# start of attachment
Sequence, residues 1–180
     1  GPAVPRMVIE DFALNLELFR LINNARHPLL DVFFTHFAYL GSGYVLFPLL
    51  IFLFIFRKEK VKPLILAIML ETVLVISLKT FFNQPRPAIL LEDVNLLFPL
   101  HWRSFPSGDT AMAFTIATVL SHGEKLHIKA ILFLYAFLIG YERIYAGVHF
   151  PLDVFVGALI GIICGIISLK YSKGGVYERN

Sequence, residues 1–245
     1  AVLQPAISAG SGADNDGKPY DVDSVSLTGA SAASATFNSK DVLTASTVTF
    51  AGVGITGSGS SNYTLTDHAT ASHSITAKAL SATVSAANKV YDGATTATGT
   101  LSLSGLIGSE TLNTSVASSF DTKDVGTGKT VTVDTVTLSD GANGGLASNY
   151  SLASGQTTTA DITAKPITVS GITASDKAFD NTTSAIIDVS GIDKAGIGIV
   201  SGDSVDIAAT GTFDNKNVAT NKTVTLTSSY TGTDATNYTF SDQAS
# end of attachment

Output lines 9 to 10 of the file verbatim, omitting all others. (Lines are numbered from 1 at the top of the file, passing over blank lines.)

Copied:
   101  LSLSGLIGSE TLNTSVASSF DTKDVGTGKT VTVDTVTLSD GANGGLASNY
   151  SLASGQTTTA DITAKPITVS GITASDKAFD NTTSAIIDVS GIDKAGIGIV